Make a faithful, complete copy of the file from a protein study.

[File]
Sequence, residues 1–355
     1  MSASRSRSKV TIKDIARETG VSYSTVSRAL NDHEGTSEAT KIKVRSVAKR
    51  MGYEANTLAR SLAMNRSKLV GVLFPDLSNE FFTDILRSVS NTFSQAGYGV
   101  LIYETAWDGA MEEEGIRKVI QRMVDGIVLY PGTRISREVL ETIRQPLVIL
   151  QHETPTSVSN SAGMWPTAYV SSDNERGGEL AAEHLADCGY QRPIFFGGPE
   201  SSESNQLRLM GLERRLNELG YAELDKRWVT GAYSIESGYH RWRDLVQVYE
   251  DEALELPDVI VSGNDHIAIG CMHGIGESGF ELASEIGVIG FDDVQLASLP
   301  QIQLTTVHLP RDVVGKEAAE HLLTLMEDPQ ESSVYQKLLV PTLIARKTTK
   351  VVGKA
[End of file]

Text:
Sequence, residues 1–355
     1  MSASRSRSKV TIKDIARETG VSYSTVSRAL NDHEGTSEAT KIKVRSVAKR
    51  MGYEANTLAR SLAMNRSKLV GVLFPDLSNE FFTDILRSVS NTFSQAGYGV
   101  LIYETAWDGA MEEEGIRKVI QRMVDGIVLY PGTRISREVL ETIRQPLVIL
   151  QHETPTSVSN SAGMWPTAYV SSDNERGGEL AAEHLADCGY QRPIFFGGPE
   201  SSESNQLRLM GLERRLNELG YAELDKRWVT GAYSIESGYH RWRDLVQVYE
   251  DEALELPDVI VSGNDHIAIG CMHGIGESGF ELASEIGVIG FDDVQLASLP
   301  QIQLTTVHLP RDVVGKEAAE HLLTLMEDPQ ESSVYQKLLV PTLIARKTTK
   351  VVGKA